Food assistance is the most basic wrap around help and the easiest aide to receive from the government, by design. Of concern, currently the House Agriculture Committee is marking up a farm bill that would eliminate Supplemental Nutrition Assistance Program (SNAP) assistance to nearly 2 million low-income people and, more generally, cause significant hardships for millions of low-income households. In fact, the bill would cut $4 billion more from SNAP than the Committee included in its version of the bill last year. The majority of the proposed SNAP cuts in the bill would eliminate the categorical eligibility state option, which allows states to provide food assistance to households — primarily low-income working families and seniors — that have gross incomes or assets modestly above federal SNAP limits but disposable incomes in most casesbelowthe poverty line. By ending the option, the bill would cut nearly 2 million low-income people in more than 40 states off SNAP.

Moreover, the low-income families affected by this bill will already see sizeable SNAP cuts beginning November 1, when the increase in SNAP benefits created by the 2009 Recovery Act will end. Coming on top of the November benefit cuts, the SNAP cuts in this farm bill would likely worsen poor families’ risk of food insecurity and their ability to make timely, complete rent payments. Some policymakers, including some House Agriculture Committee members who have pushed for the SNAP cuts in the bill, have justified the cuts by claiming that the program is growing out of control, but it is important to remember that usage of many of these programs, like SNAP, will decline as the economy improves. These programs aim to stabilize working poor and poor families and individuals.

In that same vein, the Administration for Children and Families Office of Community Services recently issued guidance to inform Low-Income Home Energy Assistance (LIHEAP) grantees about the updates to the Federal Poverty Guidelines (FPG). Since the Sequester took effect they had to make cuts which can make or break a monthly budget for a working poor family or someone living on fixed income.

These aren’t the only programs that are being cut by Sequester; long term unemployment, affordable housing programs, Meals on Wheels, student aid, Head Start, child care have all taken a hit and given the current budget discussions you can expect more cuts to these sorts of programs, which really are the mainstays of the safety net for the working poor and fixed income community. In other words they help keep people from becoming homeless.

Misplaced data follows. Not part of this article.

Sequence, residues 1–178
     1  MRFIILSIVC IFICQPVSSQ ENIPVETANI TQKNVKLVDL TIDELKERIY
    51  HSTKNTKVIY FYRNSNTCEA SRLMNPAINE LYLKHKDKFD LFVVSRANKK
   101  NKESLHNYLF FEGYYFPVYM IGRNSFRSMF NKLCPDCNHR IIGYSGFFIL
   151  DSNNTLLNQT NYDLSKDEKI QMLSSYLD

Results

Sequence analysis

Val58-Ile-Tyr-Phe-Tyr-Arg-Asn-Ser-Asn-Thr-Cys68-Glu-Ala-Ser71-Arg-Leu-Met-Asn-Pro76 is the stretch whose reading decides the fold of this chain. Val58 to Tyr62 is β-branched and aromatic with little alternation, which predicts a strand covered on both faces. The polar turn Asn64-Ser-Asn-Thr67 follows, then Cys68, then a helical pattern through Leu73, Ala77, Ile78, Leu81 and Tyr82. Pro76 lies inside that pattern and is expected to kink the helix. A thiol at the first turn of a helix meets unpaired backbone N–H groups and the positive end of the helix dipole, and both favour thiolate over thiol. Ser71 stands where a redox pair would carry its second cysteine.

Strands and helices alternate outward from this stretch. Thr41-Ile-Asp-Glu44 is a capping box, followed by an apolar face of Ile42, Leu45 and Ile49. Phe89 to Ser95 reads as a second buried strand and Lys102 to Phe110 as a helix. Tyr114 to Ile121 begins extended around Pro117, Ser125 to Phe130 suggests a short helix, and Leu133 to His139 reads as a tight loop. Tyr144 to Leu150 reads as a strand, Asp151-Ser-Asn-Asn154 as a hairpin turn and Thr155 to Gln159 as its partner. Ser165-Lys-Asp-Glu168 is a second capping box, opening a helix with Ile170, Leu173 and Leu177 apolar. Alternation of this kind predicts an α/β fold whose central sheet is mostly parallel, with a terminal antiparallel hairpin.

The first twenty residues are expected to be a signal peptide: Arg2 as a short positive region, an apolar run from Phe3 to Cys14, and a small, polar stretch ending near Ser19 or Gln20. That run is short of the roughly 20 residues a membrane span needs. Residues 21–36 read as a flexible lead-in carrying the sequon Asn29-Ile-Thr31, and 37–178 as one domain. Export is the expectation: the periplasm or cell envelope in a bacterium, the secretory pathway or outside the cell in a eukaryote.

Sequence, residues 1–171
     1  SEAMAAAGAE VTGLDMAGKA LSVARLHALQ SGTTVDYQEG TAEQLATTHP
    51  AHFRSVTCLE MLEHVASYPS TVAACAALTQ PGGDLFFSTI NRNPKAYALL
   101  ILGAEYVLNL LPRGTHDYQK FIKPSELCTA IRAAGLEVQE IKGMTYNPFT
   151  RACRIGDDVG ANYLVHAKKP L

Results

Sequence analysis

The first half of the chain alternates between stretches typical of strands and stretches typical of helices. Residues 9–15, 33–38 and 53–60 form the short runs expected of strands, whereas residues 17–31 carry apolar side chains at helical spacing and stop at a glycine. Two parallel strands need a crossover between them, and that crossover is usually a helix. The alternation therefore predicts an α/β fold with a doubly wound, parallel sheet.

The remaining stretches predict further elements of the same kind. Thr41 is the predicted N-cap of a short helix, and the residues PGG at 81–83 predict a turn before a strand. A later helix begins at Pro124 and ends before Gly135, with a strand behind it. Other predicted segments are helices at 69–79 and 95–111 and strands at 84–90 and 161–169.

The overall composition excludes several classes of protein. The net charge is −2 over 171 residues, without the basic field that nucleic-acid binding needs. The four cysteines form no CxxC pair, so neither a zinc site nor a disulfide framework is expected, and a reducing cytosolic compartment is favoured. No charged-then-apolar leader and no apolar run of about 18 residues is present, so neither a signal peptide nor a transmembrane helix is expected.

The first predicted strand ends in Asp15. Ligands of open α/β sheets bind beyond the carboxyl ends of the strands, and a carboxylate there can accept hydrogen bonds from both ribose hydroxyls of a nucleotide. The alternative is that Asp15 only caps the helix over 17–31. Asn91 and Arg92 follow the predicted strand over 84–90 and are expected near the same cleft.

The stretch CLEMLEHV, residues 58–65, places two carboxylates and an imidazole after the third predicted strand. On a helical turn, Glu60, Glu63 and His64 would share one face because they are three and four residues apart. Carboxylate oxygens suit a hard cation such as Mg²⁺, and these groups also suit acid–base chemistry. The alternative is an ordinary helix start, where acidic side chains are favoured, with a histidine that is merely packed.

National Low Income Housing participates in Homeless Advocates Group Congressional Briefing

Housing Colorado is a State Coalition Partner of the National Low Income Housing Coalition (NLIHC) and serves the conduit of federal policy on behalf of our members. NLIHC recently participated in a Congressional briefing hosted by the Homeless Advocates Group (HAG). The HAG has set policy priorities for 2013 that reflected consensus around a set of common issues that their own members and strategic partners such as NLIHC can support and promote. The policy priorities presented at this Congressional briefing were the National Housing Trust Fund, Criminalization of Homelessness, Affordable Care Act Rollout and Implementation, and Preservation of Federal Funds targeted to and for Those Experiencing Homelessness.

The briefing, which was widely attended by dozens of Hill staffers and Members, served as a touchpoint with key decision-makers and communicated the collaboration and common interests of hundreds of local agencies around the country who are represented by NLIHC, HAG and other partner organizations. This level of advocacy may not draw the media attention of fiery debates and filibusters, but it represents the real work that happens behind the scenes by educating and informing our members of Congress and establishing the credibility of housing advocates as partners in finding effective policy solutions.

We encourage to review these resources for further information about their federal policy agendas:

The National Center on Family Homelessness:

The National Law Center on Homelessness and Poverty:

Street Sense:

National Low Income Housing Coalition:

Homelessness Resource Center: